• I wonder what would happen if somebody wanted a machine gun because the mafia in his hometown were notorious for carrying them. But either way an nuke is just ridiculous.
    – Joshua
    Oct 23, 2018 at 3:44
  • @Joshua: That person would just be out of luck. The machinegun law doesn't have any exceptions for such cases. Oct 23, 2018 at 4:08
  • Elredge: The Court ruling explicitly depends on them not being commonly used. If this flips ...
    – Joshua
    Oct 23, 2018 at 13:37
  • I guess this means that at such time when "arms" are not in common use (they aren't in as common of use as they were in the 1700s) then the 2nd Amendment is moot.
    – mark b
    Oct 24, 2018 at 18:00

Each and every time the Supreme Court has addressed the second amendment, it has upheld that it is constitutionally permissible to have prohibitions on dangerous and unusual weapons. Nuclear weapons meet this standard.

For a prohibition to be permissible, the weapon must be both dangerous and unusual.

Any weapon used for offense or defense has to be dangerous. It'd be pretty stupid to try and defend oneself with something totally incapable of inflicting pain or injury. The historical bans referred to by SCOTUS cases narrow the concept of "dangerous" to mean:

  1. the weapon has a high likelihood of injuring the person wielding the instrument AND/OR

  2. the weapon, by its entire nature, indiscriminately injures or kills, and there is no manner to properly target the weapon at a specific individual or small group

Since the impact of a nuclear weapon is characterized by its rather substantial blast radius and ranges of immediate death and radiation poisoning, it is clearly an indiscriminate weapon. As such, it meets the first half of the standard of a permissible prohibition.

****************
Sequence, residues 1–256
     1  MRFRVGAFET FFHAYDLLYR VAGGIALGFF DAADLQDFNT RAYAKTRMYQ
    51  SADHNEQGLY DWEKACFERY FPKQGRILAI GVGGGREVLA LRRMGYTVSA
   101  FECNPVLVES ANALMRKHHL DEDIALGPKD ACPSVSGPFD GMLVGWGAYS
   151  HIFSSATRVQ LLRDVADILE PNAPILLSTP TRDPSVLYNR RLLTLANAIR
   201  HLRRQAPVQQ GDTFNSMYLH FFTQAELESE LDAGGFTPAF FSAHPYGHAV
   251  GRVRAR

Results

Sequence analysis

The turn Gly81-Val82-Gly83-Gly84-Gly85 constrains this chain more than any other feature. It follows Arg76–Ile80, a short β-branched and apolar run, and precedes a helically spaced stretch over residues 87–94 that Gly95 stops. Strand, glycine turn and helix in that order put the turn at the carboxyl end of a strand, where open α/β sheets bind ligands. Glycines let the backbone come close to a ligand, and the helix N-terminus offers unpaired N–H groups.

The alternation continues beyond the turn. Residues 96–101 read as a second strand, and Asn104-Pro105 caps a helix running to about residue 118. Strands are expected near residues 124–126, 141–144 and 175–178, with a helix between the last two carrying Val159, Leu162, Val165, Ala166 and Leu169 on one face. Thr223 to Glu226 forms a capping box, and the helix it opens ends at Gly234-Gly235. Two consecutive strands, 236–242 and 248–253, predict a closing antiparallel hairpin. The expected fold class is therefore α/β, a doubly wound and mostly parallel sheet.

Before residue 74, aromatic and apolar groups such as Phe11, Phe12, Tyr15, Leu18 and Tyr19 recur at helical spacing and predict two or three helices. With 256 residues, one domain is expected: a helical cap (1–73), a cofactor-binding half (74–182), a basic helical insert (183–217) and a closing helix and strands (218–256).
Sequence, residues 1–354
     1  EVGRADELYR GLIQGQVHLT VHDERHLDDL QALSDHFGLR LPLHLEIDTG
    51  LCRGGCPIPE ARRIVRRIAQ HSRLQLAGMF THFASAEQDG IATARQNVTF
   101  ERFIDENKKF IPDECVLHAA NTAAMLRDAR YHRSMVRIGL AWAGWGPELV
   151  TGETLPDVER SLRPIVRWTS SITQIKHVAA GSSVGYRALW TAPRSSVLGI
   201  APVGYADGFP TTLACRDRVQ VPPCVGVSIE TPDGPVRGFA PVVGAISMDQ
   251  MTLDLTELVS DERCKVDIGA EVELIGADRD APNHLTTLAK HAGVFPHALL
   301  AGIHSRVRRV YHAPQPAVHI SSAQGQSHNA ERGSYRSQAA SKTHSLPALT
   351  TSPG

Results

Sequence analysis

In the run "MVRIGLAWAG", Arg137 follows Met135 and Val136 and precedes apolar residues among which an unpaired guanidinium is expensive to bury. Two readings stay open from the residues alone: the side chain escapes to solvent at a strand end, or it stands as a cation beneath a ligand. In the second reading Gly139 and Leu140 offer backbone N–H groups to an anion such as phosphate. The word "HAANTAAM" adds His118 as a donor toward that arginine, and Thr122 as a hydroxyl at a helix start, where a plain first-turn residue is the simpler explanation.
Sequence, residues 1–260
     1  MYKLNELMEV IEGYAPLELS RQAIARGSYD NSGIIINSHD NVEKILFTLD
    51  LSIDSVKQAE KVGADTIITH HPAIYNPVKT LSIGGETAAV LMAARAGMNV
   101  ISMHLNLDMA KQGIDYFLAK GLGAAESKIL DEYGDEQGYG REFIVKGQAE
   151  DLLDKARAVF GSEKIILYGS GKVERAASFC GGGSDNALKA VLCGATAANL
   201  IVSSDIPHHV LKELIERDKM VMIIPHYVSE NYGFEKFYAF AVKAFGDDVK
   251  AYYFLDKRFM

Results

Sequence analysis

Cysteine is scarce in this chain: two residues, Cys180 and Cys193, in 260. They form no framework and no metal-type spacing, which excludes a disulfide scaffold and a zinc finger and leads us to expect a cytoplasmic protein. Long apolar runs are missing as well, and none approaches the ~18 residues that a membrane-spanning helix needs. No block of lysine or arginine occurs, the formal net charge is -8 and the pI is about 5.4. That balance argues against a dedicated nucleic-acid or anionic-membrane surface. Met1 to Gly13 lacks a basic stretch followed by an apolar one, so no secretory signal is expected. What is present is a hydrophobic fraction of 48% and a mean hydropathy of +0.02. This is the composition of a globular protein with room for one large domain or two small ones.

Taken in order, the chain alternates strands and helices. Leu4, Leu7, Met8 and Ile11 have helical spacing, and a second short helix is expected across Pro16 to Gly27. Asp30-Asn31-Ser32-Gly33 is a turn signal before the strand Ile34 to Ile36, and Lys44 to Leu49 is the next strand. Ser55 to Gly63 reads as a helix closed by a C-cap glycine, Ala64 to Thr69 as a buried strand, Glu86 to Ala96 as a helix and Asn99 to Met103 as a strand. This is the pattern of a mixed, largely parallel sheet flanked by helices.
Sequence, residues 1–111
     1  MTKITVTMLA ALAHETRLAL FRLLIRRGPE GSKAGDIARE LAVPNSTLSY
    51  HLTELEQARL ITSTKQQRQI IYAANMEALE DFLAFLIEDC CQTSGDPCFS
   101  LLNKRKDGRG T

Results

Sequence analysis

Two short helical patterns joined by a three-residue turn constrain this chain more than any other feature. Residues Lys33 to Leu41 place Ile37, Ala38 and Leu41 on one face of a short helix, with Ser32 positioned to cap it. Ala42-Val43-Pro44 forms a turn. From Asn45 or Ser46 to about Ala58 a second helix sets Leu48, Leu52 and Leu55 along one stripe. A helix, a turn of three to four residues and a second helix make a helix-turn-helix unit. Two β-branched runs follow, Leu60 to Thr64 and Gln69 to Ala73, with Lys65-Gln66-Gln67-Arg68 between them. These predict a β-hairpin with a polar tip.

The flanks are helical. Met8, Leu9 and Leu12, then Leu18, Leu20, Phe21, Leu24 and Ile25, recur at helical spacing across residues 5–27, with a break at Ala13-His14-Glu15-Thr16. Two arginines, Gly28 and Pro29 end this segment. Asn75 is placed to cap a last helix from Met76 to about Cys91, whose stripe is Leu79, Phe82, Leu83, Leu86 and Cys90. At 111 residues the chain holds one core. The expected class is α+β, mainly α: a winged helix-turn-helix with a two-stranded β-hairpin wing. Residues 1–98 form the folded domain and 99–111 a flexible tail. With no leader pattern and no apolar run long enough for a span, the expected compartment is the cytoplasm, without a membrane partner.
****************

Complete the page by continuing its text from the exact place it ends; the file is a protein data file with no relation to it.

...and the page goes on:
Nuclear weapons are only possessed by approximately 10% of nations. Those nations which possess these arms place them in the control of very small, specialized units. Nuclear weapons have only been utilized twice in the history of warfare. This qualifies them as unusual.

  • Those are some pretty interesting statics there you talk about. Any supporting links for further reading and such on those things which you mention. Good answer though but would be better with some source references supporting some of these things you mention. All that makes sense and even seems sensible to me though. Jan 27, 2019 at 2:57
  • "Both dangerous and unusual": surely a fully automatic rifle is not dangerous by that definition, as it can be switched down to 3-shot or 1-shot mode to target an individual, and a burst on FA would seem to be suitable for targeting a small group. However I realise we are getting off the topic of nukes here. Apr 13, 2020 at 14:35
  • @PaulJohnson almost a year later, but you in fact can own a fully automatic rifle
    – Manchineel
    Apr 30, 2021 at 7:51
  • @Manchineel You can, provided you live in a state that permits it. According to the supreme court in Heller there is no constitutional right to do so. Some states have a blanket ban. Others allow it provided you have police permission, which probably translates to a blanket ban for anyone not personally acquainted with their local sheriff. Apr 30, 2021 at 8:58